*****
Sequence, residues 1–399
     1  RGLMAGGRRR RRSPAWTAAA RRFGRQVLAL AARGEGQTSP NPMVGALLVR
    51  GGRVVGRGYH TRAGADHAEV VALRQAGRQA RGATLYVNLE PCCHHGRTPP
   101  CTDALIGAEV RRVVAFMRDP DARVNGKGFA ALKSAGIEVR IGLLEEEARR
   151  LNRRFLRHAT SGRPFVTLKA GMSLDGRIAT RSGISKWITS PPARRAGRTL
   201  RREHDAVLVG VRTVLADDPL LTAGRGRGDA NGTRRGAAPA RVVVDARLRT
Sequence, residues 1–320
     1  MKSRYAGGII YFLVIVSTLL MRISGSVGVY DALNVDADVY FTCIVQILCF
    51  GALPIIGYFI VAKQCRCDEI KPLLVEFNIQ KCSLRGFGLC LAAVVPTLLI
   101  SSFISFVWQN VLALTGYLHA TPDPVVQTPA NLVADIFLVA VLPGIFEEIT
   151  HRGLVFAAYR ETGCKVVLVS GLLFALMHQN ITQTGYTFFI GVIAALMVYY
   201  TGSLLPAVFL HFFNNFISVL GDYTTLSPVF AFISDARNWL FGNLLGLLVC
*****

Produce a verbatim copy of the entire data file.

Sequence, residues 1–399
     1  RGLMAGGRRR RRSPAWTAAA RRFGRQVLAL AARGEGQTSP NPMVGALLVR
    51  GGRVVGRGYH TRAGADHAEV VALRQAGRQA RGATLYVNLE PCCHHGRTPP
   101  CTDALIGAEV RRVVAFMRDP DARVNGKGFA ALKSAGIEVR IGLLEEEARR
   151  LNRRFLRHAT SGRPFVTLKA GMSLDGRIAT RSGISKWITS PPARRAGRTL
   201  RREHDAVLVG VRTVLADDPL LTAGRGRGDA NGTRRGAAPA RVVVDARLRT
Sequence, residues 1–320
     1  MKSRYAGGII YFLVIVSTLL MRISGSVGVY DALNVDADVY FTCIVQILCF
    51  GALPIIGYFI VAKQCRCDEI KPLLVEFNIQ KCSLRGFGLC LAAVVPTLLI
   101  SSFISFVWQN VLALTGYLHA TPDPVVQTPA NLVADIFLVA VLPGIFEEIT
   151  HRGLVFAAYR ETGCKVVLVS GLLFALMHQN ITQTGYTFFI GVIAALMVYY
   201  TGSLLPAVFL HFFNNFISVL GDYTTLSPVF AFISDARNWL FGNLLGLLVC